It takes a Community

One day I was working with my seven-year-old son Nate on math and asked him, “If I have three cookies and you have five, who has more?”   Nate answered, “I do; I have two more than you.”  I then asked, “What will you do with your two extra cookies?”   He said, “Eat them.”  That’s an option, I told him, but another option is to share with those who have less.  I later explained to him that in life everyone will experience abundance and scarcity.   It might be more or less money, time, speed, muscles, patience, math skills, cookies, and so on. This inequality gives everyone an opportunity to share.

I am originally from Vietnam. I came to America on a boat when I was two years old with my parents and eight siblings after the fall of Saigon in 1975.  At the ages of 42, my parents started new lives with nothing but our family.  As refugees, my parents had no choice but to work in factories to provide for our family. My mom worked at a chicken factory and my dad at a furniture factory, both barely making minimum wage. Since they had nine children to take care of, as a child I often had less than my peers: less clothing, less house, less car, and less money.

As the youngest, I often benefitted from my older siblings’ hard work.  They got jobs as soon as they were old enough to help our family.  My sisters Dawn and Yen made and bought clothes for me; my brother Binh paid for cheerleading camp. My sister Xuan and brother Quang took me to fun places like swimming pools, bowling alleys, miniature golf, and movies. Later I lived with my sister Huyen rent free for the four years I was in college.  My community was also generous. When we first arrived in the U.S., an American couple sponsoring my family helped my parents by finding an apartment and jobs and becoming acclimated in America. During high school my friend Brandy gave me rides to ball games, and in college I received a full minority scholarship.

Now at age 44, I feel like I have more: more finances, more love, more yoga, more patience, and more kindness. It is my turn to give.  When given the opportunity to open a yoga studio, I knew I wanted to make yoga available to all regardless of their financial situations.  So I decided to charge less than the going rate: $45.00 per month rather than the usual $80.00 per month.  I also knew many still would not be able to afford $45.00 a month, so for those people, I decided to offer yoga for free.  And I also knew those who very possibly could not afford yoga are those who did not know about Be One Yoga Studio.  So I came up with an idea: One for One. We will donate a class to a non-profit organization every time a client takes a class.  This is a gift all the Be One Yoga teachers want to give our community and to ourselves.  As a yogi friend once told me, “You can’t keep yoga for yourself unless you freely give it to others.”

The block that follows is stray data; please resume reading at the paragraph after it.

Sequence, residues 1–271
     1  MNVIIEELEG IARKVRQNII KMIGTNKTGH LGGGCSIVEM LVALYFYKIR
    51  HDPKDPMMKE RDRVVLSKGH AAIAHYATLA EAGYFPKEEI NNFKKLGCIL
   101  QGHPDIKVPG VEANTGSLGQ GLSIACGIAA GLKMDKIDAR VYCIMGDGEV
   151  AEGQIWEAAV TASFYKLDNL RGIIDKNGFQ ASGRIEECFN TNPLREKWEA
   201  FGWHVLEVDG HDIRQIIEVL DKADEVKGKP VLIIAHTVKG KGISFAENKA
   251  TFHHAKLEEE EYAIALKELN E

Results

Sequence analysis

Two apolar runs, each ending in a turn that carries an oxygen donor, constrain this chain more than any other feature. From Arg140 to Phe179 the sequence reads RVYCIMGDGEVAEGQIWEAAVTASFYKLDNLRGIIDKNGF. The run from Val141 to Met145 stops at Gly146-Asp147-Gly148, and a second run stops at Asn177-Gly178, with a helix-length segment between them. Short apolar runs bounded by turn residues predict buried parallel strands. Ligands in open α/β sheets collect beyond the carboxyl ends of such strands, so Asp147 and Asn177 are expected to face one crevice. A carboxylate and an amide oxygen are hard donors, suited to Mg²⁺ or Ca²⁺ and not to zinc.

Don’t get me wrong. I am still on the receiving end.  My family, friends, kids’ school, and church help raise my children because I am very aware that “it takes a village.”  My yoga family—Brandy, Jimmie, Helen, and Dave—help me run the yoga business because I know I can’t do it alone.  They have been working hard teaching, blogging, organizing, and planning because they share my passion.  I  receive love, forgiveness, and kindness from my friends and family daily.  I also realize it is as important to receive as it is to give.  That is why we have decided to allow our clients who come for free an opportunity to give back to the studio by helping in any way that they can.

Throughout my life, I have had much help and now have the opportunity to give back. Some people think about paying back those who have injured them.  Instead, I want to pay back my help, one for one, in hopes of leaving the world a better place.

Nee Karas

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